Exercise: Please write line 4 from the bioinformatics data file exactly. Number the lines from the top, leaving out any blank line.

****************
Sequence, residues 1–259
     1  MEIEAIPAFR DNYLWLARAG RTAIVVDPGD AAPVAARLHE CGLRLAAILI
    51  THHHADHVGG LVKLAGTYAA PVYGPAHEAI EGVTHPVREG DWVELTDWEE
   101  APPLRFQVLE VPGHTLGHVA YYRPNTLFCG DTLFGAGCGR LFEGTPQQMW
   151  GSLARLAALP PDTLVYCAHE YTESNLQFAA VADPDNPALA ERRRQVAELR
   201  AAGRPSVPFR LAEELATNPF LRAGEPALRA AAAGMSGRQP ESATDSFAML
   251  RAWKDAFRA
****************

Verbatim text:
   101  APPLRFQVLE VPGHTLGHVA YYRPNTLFCG DTLFGAGCGR LFEGTPQQMW